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for murder, Cain was only branded on the forehead, but over the whole person of the debauchee or the inebriate, the signatures of infamy are written. How nature brands him with stigma and opprobrium! How she hangs labels all over him, to testify her disgust at his existence, and to admonish others to beware of his example! How she loosens all his joints, sends tremors along his muscles, and bends forward his frame, as if to bring him upon all-fours with kindred brutes, or to degrade him to the reptile's crawling! How she disfigures his countenance, as if intent upon obliterating all traces of her own image, so that she may swear she never made him! How she pours rheum over his eyes, sends foul spirits to inhabit his breath, and shrieks, as with a trumpet, from every pore of his body, "BEHOLD A BEAST!" Such a man may be seen in the streets of our cities every day; if rich enough, he may be found in the saloons, and at the tables of the "Upper Ten;" but surely, to every man of purity and honor, to every man whose wisdom as well as whose heart is unblemished, the wretch who comes cropped and bleeding from the pillory, and redolent with its appropriate perfumes, would be a guest or a companion far less offensive and disgusting.

Now let the young man, rejoicing in his manly proportions, and in his comeliness, look on this picture, and on this, and then say, after the likeness of which model he intends his own erect stature and sublime countenance shall be configured.

DRIFTING.-By T. Buchanan Read.

My soul to-day
Is far away,

Sailing the Vesuvian Bay;

My winged boat,

A bird afloat,

Swims round the purple peaks remote:

Round purple peaks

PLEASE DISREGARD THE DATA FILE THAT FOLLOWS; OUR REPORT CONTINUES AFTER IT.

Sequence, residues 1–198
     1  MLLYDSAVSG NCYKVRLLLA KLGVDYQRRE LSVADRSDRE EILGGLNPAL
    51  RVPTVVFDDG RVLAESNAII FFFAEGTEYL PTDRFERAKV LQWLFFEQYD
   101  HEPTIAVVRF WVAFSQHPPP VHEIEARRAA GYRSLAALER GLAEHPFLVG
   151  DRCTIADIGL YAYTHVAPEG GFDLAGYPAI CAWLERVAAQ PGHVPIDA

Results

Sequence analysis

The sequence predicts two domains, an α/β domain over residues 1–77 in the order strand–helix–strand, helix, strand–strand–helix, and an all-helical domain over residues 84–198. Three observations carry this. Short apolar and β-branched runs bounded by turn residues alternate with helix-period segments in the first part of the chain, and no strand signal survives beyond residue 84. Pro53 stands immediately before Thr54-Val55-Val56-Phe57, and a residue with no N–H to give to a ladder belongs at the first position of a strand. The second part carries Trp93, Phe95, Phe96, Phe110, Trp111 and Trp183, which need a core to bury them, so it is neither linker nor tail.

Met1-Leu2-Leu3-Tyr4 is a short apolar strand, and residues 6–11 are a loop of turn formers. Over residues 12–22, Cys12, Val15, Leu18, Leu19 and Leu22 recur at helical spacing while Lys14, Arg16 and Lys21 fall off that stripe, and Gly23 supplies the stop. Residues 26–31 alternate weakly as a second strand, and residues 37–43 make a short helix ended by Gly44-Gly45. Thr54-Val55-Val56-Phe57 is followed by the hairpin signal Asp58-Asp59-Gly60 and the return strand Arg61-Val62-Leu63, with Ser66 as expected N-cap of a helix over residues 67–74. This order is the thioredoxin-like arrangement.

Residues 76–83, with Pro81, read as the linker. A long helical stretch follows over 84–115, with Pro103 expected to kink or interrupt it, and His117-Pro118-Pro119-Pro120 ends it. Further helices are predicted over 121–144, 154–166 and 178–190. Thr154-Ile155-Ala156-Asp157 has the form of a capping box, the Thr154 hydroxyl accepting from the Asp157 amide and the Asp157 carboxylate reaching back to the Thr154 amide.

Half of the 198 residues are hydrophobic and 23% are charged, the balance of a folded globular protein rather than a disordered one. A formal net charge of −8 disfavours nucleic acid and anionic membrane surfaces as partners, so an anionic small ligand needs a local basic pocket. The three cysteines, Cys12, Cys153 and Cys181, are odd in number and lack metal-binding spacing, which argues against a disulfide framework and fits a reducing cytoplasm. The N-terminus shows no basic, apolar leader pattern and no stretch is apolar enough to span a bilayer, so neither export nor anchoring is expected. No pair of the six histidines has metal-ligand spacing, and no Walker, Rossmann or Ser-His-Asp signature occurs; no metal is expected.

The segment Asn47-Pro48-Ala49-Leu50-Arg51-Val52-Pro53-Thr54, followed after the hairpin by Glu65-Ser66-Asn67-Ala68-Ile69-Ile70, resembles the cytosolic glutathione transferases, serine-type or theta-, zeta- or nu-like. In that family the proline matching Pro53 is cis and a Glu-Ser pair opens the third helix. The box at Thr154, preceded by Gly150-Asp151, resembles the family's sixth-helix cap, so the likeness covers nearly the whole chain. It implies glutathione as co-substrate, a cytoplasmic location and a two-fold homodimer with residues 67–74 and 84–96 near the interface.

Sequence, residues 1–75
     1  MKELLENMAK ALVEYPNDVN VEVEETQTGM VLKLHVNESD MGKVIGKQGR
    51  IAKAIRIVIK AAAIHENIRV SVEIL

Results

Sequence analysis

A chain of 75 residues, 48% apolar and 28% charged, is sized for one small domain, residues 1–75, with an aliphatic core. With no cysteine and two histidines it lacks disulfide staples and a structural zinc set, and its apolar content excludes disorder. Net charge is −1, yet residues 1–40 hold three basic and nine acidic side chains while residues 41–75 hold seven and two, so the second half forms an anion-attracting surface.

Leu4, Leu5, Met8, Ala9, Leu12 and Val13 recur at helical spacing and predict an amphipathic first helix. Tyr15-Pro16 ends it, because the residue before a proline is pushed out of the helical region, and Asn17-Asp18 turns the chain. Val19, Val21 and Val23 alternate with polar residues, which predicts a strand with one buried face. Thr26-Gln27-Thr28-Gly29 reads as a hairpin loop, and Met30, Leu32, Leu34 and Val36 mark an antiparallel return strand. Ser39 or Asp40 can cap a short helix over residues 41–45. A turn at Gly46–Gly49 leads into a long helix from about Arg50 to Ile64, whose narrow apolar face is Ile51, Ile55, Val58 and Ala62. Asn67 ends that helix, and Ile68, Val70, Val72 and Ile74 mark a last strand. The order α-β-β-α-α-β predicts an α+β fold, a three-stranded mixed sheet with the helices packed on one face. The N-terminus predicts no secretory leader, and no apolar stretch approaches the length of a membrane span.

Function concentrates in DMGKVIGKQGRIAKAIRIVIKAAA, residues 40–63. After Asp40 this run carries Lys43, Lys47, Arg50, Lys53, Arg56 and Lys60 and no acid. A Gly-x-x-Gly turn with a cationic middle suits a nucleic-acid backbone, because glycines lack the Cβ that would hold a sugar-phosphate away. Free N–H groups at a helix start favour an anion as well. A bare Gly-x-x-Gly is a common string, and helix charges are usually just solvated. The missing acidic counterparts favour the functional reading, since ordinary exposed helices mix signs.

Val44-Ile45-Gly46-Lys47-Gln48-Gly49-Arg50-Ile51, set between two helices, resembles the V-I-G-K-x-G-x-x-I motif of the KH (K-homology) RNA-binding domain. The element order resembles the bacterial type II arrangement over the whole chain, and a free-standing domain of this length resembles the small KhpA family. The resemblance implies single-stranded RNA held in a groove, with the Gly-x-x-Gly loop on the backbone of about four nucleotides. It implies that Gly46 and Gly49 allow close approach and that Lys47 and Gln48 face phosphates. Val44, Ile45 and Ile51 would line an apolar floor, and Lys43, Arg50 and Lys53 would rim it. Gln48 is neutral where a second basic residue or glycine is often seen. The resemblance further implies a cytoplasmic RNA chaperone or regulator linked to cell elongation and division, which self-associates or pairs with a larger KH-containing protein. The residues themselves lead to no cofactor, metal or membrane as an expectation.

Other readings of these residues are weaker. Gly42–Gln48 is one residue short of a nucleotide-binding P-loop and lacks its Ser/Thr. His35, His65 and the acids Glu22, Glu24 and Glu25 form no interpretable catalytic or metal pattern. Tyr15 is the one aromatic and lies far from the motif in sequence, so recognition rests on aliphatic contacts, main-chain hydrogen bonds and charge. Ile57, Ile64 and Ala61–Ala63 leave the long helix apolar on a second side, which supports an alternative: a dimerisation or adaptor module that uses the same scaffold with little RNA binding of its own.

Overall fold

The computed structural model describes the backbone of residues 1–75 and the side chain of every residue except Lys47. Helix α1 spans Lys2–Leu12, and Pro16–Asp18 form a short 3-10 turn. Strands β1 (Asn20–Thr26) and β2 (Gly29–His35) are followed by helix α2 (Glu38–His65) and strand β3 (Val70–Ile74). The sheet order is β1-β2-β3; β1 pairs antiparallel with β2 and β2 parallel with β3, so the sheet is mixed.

Here Ischia smiles
O'er liquid miles;

And yonder, bluest of the isles,
Calm Capri waits,
Her sapphire gates

Beguiling to her bright estates.

I heed not, if
My rippling skiff

Float swift or slow from cliff to cliff;--
With dreamful eyes
My spirit lies

Under the walls of Paradise.

Under the walls

Where swells and falls

The Bay's deep breast at intervals
At peace I lie,
Blown softly by,

A cloud upon this liquid sky.

The day, so mild,

Is Heaven's own child,

With earth and ocean reconciled ;—

The airs I feel

Around me steal

Are murmuring to the murmuring keel.

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I did not mean it should be so,
And yet I might have known
That hearts that live as close as ours
Can never keep their own.
But we are fallen on evil times,
And, do whate'er I may,
My heart grows sad about the war,
And sadder every day.

1 think about it when I work,
And when I try to rest,

And never more than when your head

Is pillowed on my breast;

For then I see the camp-fires blaze,
And sleeping men around,

Who turn their faces towards their homes,
And dream upon the ground.

I think about the dear, brave boys,
My mates in other years,

Who pine for home and those they love,
Till I am choked with tears.

With shouts and cheers they marched away
On glory's shining track,

But, ah! how long, how long they stay!
How few of them come back!

One sleeps beside the Tennessee,
And one beside the James,
And one fought on a gallant ship,
And perished in its flames.
And some, struck down by fell disease,
Are breathing out their life;
And others, maimed by cruel wounds,
Have left the deadly strife.

Ah, Marty! Marty! only think
Of all the boys have done
And suffered in this weary war!
Brave heroes, every one!
O, often, often in the night,

O, do not cling to me and cry,
For it will break my heart;
I'm sure you'd rather have me die
Than not to bear my part.

You think that some should stay at home
To care for those away;

But still I'm helpless to decide
If I should go or stay.

For, Marty, all the soldiers.love,
And all are loved again;

And I am loved, and love perhaps,
No more than other men.

J cannot tell-I do not know

Which way my duty lies,

Or where the Lord would have me build
My fire of sacrifice.

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THE CLOSING YEAR.-By George D. Prentice.

TIs midnight's holy hour, and silence now

Is hro

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